Common Dance Injuries of the Foot

Dance is one of the most unique modern sports. Combining artistic expression and musicality, with the physical demands of an elite athlete. Whether you choose to dance for fitness, enjoy the socialisation of participating in a class or are training to become a professional in the industry, all physically active people are at risk of injury and dancers are no exception. People new to dancing, be they young or old, should build their strength and flexibility slowly and safely to avoid sustaining one of the common dance injuries. This issue will focus on common injuries that dancers sustain in their feet. While the following list are commonly seen, they are by no means the only possible feet injuries that dancer could sustain.

 Lateral ankle sprain

Rolling over the outside of the ankle while on demipoint, sickling the foot or landing from a jump, all can lead to a lateral ankle sprain. Most commonly the anterior talofibula ligament (ATFL) is affected.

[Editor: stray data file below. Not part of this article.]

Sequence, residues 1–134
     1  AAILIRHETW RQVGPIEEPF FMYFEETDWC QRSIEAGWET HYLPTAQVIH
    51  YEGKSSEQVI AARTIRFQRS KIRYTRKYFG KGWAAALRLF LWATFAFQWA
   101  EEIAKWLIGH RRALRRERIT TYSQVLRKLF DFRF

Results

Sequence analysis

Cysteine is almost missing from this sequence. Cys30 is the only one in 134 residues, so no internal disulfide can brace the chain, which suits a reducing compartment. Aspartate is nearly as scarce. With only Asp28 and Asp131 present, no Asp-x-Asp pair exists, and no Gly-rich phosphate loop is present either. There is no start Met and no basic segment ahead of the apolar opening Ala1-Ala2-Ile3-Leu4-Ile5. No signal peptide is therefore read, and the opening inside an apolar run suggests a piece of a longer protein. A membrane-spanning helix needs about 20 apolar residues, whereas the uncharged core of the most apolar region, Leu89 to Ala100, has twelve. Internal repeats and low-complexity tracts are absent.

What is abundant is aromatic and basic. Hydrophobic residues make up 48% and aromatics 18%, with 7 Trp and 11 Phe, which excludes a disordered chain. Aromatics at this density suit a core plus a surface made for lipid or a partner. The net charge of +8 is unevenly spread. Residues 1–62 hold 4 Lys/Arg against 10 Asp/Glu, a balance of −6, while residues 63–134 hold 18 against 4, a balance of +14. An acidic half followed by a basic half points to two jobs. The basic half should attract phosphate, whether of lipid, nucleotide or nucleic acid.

Plantar Fasciitis

Is chronic pain and inflammation to the underneath of the foot (plantar fascia), especially around the heel bone.



This is a progressive overuse injury common in dancers due to excessive pointing of the foot (plantar flexion).

Dancer’s Fracture (5th metatarsal)

Often sustained when landing incorrectly from a jump. Pain on the outside of the foot (along the 5th metatarsal) will be instantly evident and most people will not be able to weight bear on the effected foot.

Hallux Valgus and Bunion

This is a progressive injury of the big toe associated with the foot rolling in (pronation) while in a turned out position. Pain will be greatest with jumping and landing.


This is characterised by pain and tenderness along the ball of the foot. For dancers, this is commonly caused by instability in the joints of the smaller toes.

What can you do to reduce your risk of injury?

  1. One of the most important ways to prevent dance injuries is to take the time to properly warm up the major muscles of the body, including the muscles of the feet.
  2. Take adequate rest to allow the body to heal itself from daily wear and tear.
  3. Maintain energy levels by eating and drinking adequately.
  4. Try to avoid dancing on hard or uneven surfaces, which could cause injury.
  5. Early recognition of symptoms is important. Stop activity if pain or swelling occurs. If pain persists after a few days rest, consult a physiotherapist.